The world laid before us, closer to reality, isn’t all black and white. There is no universal good or evil. There is no one ‘hero’ who protects and mandatorily does the right thing, no one ‘villain’ for him to constantly be in struggle with, to finally overthrow and bring balance. I believe we are now part of a growing cinematic revolution where such labels are starting to look a little outdated as dynamic characters with grey shades (whether placed as antagonists or protagonists) continue to allure us.
This lure towards villainy partly lies in our inclination to give meaning to something we are unable to fully comprehend – trying to understand the ‘why’, at times empathizing or even identifying with these flawed, raw human beings. It’s probably why we love Loki, feel for the wounded human being Joker ultimately is, celebrate the relatable imperfections in anti-heroes like Vincent Gomaz in Raajavinte Makan or a more recent Thomas Shelby in Peaky Blinders. Sometimes, it is pure performance that overshadows all kinds of reason, say, Mammootty (Munnariyippu), Manoj K Jayan (Anandabhadram), Tabu (Andhadhun), Saif Ali Khan (Omkara). They run free, smashing the shackles of society and more often than not, it feels as if we are wired to find beauty even in their tragedies.
Though Indian cinema, particularly, is popular for dramatic, flamboyant villains like the iconic Mogambo or even to a certain extent the powerful Khilji in Padmaavat, I have always been more fascinated by what I would like to call the minimalist villain – as, here, ‘less is more’. They are not your typical outcasts but holds scars deeper than one could possibly imagine. These quiet-masters-in-mystery add to the tension in the plot and keeps you guessing till the very end. They are made so unpredictable and complex that they seem to neatly fit in, which makes them truly terrifying. A feminine touch to such nuanced writing makes it all the more charming, which is why I feel the unnamed woman Urmila Matondkar plays in Ram Gopal Verma’s Kaun? is just pure villainy.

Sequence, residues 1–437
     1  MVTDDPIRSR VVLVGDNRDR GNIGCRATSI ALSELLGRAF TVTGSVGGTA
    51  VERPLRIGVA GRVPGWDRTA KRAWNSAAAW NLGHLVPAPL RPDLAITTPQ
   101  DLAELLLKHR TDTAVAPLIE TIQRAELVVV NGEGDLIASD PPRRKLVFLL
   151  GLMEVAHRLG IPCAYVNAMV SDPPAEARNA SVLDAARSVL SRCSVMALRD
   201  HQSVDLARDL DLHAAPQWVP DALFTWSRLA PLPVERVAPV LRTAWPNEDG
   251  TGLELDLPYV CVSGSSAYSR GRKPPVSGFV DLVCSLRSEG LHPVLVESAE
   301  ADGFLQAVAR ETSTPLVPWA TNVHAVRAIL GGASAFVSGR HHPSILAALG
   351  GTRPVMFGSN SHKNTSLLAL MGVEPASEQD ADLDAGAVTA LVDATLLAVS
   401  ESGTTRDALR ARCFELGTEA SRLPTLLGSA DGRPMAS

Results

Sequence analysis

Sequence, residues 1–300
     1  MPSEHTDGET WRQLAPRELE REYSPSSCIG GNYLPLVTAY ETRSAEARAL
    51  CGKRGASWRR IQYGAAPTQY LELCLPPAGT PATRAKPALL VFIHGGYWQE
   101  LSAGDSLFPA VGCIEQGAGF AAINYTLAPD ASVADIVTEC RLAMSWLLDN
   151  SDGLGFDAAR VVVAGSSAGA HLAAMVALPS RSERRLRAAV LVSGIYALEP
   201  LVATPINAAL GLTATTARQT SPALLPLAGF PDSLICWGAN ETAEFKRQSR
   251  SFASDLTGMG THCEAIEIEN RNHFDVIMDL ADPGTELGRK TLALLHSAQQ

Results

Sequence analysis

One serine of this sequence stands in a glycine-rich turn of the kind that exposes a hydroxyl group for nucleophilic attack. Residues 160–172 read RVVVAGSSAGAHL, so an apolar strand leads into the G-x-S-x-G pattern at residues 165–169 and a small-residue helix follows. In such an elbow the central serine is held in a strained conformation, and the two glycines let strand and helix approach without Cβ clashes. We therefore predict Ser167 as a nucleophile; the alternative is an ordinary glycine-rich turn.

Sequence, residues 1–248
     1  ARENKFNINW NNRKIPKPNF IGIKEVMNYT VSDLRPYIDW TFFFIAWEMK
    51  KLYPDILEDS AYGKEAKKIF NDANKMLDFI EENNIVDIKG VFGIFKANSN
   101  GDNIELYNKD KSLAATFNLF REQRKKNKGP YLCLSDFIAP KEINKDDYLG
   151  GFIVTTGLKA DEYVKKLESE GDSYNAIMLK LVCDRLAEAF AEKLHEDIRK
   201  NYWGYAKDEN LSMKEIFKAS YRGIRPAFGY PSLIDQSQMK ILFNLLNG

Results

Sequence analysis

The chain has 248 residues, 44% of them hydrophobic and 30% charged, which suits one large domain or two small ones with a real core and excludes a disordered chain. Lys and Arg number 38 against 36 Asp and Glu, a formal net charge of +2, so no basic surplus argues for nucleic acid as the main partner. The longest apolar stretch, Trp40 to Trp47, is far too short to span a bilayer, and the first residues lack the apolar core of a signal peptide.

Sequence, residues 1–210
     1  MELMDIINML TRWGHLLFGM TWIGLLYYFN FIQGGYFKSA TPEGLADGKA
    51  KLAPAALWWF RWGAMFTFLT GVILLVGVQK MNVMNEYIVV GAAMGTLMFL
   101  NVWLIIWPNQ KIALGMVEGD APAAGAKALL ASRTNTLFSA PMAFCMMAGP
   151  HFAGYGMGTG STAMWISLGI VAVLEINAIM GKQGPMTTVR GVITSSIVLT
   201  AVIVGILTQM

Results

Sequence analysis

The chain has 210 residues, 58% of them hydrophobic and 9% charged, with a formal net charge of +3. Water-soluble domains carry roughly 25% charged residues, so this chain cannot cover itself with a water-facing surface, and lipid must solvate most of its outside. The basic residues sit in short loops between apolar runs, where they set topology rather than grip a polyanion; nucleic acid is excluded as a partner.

Written by Anurag Kashyap and one of Ram Gopal Verma’s best works, the film is a psychological thriller where Urmila is pictured as a totally vulnerable, defenceless woman living all alone (except for a pet cat) in a huge mansion. She gets terrified on listening to the news of a serial killer on the loose. The tension that sets in right from the beginning is only enhanced through many a hybrid elements, like the void white space in the bungalow, the never-ending rain and thunder, the sound of the doorbell and finally the three living, breathing characters – a creepy Sameer who “hates cats” (played by the stellar Manoj Bajpayee), a puzzled Qureshi (Sushant Singh) and our frantic woman (Urmila Matondkar). Their conversations, the carefully placed minimal dialogues, are truly killer. Enlivening the suspense, it makes the film all the more fascinating and complex.
She is presented to us through her psychological state, which gets deconstructed as the film progresses. The isolation we find her in, the unease that sets in, her paranoia, strained facial expressions and fidgetiness are all that fall within our purview. We never get to know anything of this woman or her past, or why she is the way she is; intriguing us further. We are left free on how to view her or feel about her and all we know is this horror-struck state we find her in. The fear, nervousness, shock and even her slight stutter and shudder makes way into an eccentricity that feels so familiar for her, in her ; as she gets rid of the troublesome strangers and finally sits comfortably on a wall of her open terrace like a child on a swing, enjoying the rains and humming a tune, totally at peace with herself.